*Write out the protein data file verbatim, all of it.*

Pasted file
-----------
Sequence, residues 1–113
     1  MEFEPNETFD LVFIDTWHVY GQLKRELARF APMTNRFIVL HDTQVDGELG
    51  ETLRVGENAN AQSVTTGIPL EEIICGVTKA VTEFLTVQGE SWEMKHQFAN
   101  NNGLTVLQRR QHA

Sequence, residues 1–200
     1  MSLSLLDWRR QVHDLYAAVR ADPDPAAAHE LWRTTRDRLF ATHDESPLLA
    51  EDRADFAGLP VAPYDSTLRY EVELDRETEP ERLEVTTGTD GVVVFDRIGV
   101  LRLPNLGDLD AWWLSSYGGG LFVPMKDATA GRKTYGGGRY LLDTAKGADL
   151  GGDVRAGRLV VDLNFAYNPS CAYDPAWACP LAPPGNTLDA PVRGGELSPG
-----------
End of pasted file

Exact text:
Sequence, residues 1–113
     1  MEFEPNETFD LVFIDTWHVY GQLKRELARF APMTNRFIVL HDTQVDGELG
    51  ETLRVGENAN AQSVTTGIPL EEIICGVTKA VTEFLTVQGE SWEMKHQFAN
   101  NNGLTVLQRR QHA

Sequence, residues 1–200
     1  MSLSLLDWRR QVHDLYAAVR ADPDPAAAHE LWRTTRDRLF ATHDESPLLA
    51  EDRADFAGLP VAPYDSTLRY EVELDRETEP ERLEVTTGTD GVVVFDRIGV
   101  LRLPNLGDLD AWWLSSYGGG LFVPMKDATA GRKTYGGGRY LLDTAKGADL
   151  GGDVRAGRLV VDLNFAYNPS CAYDPAWACP LAPPGNTLDA PVRGGELSPG